What Does it Mean to Stay on the Point?

The other day I had a phone conversation that I can only describe as disturbing. Without going into the details, it left me feeling unhappy, angry, and doubting myself for a few days (it was a terrible conversation!). I was completely pulled off-center, or off the point.

My teacher Manorama talks about staying on the point all the time: for yoga, it’s the whole point! (ha ha, I’ll be here all week, please tip your waitress). Staying on the point is a vast topic that we could discuss until the end of time, but in essence to me it means staying with the truth of our highest Self, staying connected to the pulsation that is Life, staying with the One that we all are, even as life bounces us around.

So here’s what I’ve been playing around with in my mind ever since the phone call: does staying on the point mean divorcing ourselves from our experiences? Are we supposed to be walking around bracing ourselves against any encounters that might interfere with our natural serenity (Remember that Seinfeld episode? – “SERENITY NOW!!”) and as a result end up disconnected from the world around us? Is the only place for a yogi to maintain that serenity a deep dark cave in the side of a mountain? Should we all stop what we’re doing and go there right now?

When we get disturbed, we are experiencing a kind of resistance to the reality of what is going on in a particular situation. We are disturbed by it, quite often, because it seems like something that is out of our control. Another person expressing anger at us, the passing of a loved one, our feelings or ego getting hurt, none of these things are included in our idea of how life should be. We resist them, and we suffer.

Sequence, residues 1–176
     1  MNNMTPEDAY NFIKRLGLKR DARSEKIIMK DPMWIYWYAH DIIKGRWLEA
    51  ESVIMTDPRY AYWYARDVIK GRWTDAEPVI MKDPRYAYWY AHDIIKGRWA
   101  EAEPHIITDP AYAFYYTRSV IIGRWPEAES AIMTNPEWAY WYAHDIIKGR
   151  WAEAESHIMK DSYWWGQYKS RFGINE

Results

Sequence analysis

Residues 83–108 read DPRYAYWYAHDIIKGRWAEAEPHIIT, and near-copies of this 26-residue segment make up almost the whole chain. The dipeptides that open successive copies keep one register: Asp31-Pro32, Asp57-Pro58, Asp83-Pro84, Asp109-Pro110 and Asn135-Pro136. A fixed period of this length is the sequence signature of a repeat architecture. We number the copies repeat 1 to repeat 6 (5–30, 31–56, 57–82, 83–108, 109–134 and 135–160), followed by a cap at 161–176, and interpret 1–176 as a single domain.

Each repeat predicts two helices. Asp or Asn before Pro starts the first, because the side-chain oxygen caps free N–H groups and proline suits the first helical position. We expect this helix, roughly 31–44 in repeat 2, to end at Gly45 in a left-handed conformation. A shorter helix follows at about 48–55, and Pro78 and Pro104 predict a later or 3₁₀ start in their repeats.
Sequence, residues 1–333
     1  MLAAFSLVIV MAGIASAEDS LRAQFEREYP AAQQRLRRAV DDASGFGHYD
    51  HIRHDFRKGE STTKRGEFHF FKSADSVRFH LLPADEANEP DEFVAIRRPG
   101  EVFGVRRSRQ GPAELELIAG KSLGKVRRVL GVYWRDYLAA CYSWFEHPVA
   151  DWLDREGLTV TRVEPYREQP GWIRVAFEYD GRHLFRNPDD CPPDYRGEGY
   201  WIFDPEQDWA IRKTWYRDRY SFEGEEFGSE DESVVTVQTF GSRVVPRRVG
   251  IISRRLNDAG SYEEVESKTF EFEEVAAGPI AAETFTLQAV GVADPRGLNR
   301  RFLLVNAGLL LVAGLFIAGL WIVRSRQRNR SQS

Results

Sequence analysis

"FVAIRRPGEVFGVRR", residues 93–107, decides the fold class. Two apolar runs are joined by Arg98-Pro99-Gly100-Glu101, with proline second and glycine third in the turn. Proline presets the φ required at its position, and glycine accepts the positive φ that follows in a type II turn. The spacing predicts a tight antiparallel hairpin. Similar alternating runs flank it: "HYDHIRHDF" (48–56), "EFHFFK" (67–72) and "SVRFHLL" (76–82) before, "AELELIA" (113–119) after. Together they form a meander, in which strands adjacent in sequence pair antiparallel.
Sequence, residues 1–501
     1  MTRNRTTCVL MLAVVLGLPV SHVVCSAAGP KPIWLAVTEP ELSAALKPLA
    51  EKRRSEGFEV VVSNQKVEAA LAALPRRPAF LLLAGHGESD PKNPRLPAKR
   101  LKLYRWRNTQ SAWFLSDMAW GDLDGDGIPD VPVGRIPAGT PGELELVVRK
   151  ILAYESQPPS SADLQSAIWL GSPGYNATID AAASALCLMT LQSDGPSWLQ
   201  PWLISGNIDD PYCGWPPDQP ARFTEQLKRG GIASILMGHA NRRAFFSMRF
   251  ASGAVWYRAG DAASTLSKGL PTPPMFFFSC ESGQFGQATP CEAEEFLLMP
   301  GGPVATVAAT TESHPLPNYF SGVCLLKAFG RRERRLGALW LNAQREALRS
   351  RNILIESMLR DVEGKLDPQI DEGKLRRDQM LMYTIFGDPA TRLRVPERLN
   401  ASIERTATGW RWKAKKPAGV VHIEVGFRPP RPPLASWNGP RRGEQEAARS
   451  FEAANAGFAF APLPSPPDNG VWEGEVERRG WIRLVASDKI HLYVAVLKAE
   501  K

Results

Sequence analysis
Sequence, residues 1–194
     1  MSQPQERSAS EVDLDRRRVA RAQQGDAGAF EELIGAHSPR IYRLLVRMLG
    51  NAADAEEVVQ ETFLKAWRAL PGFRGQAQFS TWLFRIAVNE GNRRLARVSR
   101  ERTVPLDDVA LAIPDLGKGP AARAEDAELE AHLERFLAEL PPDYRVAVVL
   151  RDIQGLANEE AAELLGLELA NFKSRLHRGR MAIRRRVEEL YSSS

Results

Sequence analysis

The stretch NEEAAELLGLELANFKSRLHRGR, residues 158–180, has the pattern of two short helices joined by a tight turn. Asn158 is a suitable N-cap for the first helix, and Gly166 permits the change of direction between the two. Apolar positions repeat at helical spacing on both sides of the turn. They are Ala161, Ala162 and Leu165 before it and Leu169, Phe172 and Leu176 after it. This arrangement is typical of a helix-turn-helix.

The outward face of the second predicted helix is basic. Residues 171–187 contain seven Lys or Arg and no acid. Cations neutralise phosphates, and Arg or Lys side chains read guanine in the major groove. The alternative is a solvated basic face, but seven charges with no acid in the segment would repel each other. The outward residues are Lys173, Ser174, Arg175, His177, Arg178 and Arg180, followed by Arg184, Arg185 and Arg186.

I took a class with a great teacher a few days ago, Eddie Marashian (look him up if you come to LA), and he told a story of a puppy he had as a child. When the puppy was taken to the vet to get its shots, it struggled so violently as it was being held down that it actually injured itself and died.  And truly, resistance builds up in the body as tension, as illness, as injury, as chronic pain. I don’t think the person I had the phone conversation with was in any way disturbed by it, and yet I walked around for a few days feeling terrible in body and mind.

So what do we do? We do our best to stay on the point, but here’s my point: staying on the point is not about being rigidly attached to an idea that the world is supposed to be flowers and rainbows and singing animals all the time. It’s not about becoming a hermit and avoiding any interactions with the world around us in an attempt to preserve some sort of serenity. That’s not real serenity anyway, if it’s so fragile that it cannot be challenged. The world challenges us every day, and it still would even if we were hiding in a cave.

Had I been able to stay on the point during this conversation, I would have found a way to create some kind of compassion for this fellow human being who was simply doing his best in the moment. When we practice living like this, we get to use the experiences of our lives as learning tools. We may find that compassion in the moment or upon later reflection (as I eventually did, with much help from the wise people around me), but either way we get to use our experiences to stay on the point.